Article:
- Mass Casualties
- Natural Disasters
- Financial Crisis
- Food Borne Diseases
- US Recall News
- Class Action Lawsuit
- Recent Outbreaks
- Railroad Law
- Court News
- Legal Insight
- Court Watch
- Courts: Bail reform working, but sustainable funding needed
- Inmate in landmark Supreme Court case denied parole
- GOP to take new congressional map to court
- Supreme Court blocks some redrawn North Carolina districts
- Court: Lawsuit alleging coerced confessions can go to trial
- Thai court drops royal insult charges against academic
- Russia court cancels journalist's deportation to Uzbekistan
- Judge to pick battlefield for court fight over Manson's body
- Court halts execution of Alabama inmate with dementia
- Warrant dropped for professor who spoke Hawaiian in court
Only a "paltry few objectors" have raised the "narrowest of concerns" about the settlement that U.S. District Judge Carl Barbier approved in December 2012, private lawyers said in a filing Tuesday with the 5th U.S. Circuit Court of Appeals.
"None of them complain of their compensation calculations, identify what compensation they are entitled to under the Settlement, or define what other or greater compensation they believe they should receive," the attorneys wrote.
On Friday, BP attorneys argued that a three-judge panel of the 5th Circuit should overturn Barbier's approval order if the company's separate appeal of more recent rulings on settlement terms is unsuccessful. BP argues that Barbier misinterpreted the settlement and has allowed businesses to receive hundreds of millions of dollars for inflated or fictitious claims.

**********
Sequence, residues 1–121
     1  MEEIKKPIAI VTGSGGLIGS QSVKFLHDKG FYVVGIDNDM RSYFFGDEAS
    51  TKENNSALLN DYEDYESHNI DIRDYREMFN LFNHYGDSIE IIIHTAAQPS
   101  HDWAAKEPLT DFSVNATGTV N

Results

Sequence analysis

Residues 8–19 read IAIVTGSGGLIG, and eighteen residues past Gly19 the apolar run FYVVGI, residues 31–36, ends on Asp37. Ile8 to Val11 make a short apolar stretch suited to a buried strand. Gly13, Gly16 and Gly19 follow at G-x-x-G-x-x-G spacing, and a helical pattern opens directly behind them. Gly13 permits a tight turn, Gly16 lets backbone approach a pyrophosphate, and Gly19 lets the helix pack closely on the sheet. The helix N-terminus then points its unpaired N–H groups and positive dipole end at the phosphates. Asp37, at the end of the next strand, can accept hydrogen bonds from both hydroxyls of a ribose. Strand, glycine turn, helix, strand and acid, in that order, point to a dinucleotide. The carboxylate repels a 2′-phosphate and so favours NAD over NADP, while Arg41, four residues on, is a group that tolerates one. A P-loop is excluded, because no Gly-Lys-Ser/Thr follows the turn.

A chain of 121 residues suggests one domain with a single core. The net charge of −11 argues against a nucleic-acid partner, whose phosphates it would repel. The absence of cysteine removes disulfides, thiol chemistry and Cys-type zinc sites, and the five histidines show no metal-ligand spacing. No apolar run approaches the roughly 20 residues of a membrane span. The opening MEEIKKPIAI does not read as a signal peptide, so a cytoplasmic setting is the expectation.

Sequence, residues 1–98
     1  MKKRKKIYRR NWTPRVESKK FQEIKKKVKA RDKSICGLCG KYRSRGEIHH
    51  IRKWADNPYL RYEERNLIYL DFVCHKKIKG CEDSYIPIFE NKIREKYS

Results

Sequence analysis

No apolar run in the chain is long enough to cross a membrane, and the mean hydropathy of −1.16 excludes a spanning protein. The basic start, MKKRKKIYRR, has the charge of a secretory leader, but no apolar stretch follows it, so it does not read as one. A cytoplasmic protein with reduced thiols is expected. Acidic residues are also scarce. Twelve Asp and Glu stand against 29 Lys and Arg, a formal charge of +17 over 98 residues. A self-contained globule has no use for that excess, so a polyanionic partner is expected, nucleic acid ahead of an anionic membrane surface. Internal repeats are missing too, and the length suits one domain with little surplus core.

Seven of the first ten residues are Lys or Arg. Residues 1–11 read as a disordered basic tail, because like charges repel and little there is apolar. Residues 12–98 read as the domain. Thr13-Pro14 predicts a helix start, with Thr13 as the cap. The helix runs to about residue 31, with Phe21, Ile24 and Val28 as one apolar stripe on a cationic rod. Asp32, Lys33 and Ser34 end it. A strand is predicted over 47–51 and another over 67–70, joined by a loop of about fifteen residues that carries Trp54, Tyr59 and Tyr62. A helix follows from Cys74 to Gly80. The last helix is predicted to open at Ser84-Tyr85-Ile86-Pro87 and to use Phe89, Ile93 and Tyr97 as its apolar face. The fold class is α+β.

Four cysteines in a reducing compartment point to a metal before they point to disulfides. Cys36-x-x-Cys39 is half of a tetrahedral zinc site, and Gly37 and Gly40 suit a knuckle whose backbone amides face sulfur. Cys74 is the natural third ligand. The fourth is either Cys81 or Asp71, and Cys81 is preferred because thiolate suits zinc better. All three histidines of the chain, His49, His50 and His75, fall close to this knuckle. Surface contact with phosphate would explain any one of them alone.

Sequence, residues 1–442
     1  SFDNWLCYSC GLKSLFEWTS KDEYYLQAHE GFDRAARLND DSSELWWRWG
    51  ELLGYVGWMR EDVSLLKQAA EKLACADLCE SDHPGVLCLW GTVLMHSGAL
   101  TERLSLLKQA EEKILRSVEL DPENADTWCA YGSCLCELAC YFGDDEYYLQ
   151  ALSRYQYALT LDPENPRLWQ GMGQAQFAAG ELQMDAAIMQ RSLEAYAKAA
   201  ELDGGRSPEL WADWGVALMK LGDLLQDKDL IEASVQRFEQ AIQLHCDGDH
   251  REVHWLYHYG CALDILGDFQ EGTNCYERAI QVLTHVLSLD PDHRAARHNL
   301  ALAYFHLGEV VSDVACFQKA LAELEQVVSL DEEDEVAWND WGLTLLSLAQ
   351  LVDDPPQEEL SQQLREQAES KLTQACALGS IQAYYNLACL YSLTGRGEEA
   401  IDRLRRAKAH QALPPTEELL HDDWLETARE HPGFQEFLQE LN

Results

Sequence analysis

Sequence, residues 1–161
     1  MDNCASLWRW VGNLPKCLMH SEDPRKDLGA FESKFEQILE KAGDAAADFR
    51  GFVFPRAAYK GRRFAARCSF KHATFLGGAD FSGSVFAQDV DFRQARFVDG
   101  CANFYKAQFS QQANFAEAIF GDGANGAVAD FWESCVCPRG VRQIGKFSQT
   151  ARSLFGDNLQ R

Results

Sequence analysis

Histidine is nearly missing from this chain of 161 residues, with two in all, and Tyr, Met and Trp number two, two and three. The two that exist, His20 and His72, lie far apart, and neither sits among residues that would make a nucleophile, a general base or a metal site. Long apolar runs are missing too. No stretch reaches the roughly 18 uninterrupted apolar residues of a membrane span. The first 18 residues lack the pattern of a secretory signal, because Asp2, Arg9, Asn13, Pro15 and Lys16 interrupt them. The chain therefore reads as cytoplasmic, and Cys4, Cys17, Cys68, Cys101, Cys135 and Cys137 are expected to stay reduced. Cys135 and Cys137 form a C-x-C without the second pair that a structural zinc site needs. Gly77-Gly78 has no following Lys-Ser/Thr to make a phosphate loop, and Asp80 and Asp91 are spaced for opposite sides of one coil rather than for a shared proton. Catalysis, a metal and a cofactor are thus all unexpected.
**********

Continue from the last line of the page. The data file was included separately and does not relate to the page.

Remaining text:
A different 5th Circuit panel heard the company's appeal in July but hasn't ruled yet. BP said it would still support Barbier's approval of the settlement if its appeal is successful.
Although Tuesday's brief doesn't explicitly address that dispute, plaintiffs' lawyers said BP initially was "thrilled" with how claims were being processed. They previously have argued that BP undervalued the settlement and underestimated how many claimants would qualify for payments.
Court-supervised claims administrator Patrick Juneau's office has made more than $4.5 billion in settlement offers to more than 55,000 Gulf Coast businesses and residents who claim the spill cost them money.
Legal News Media
Legal News is the top headline legal news provider for lawyers and legalprofessionals. Read law articles and breaking news from law firm's across the United States to get the latest updates. We reserve the right, at our discretion, to change, modify, add, or remove portions of the site at any time. Your This site is solely for your personal use. You are, of course, welcome to print or otherwise copy material from this site for your personal use. However, you may not distribute, exchange, modify, sell or transmit anything you copy from this Site, including but not limited to any text, images, audio and video, for any business, commercial or public purpose. Any unauthorized use of the text, images, audio and video may violate copyright laws, trademark laws, the laws of privacy and publicity and civil and criminal statutes.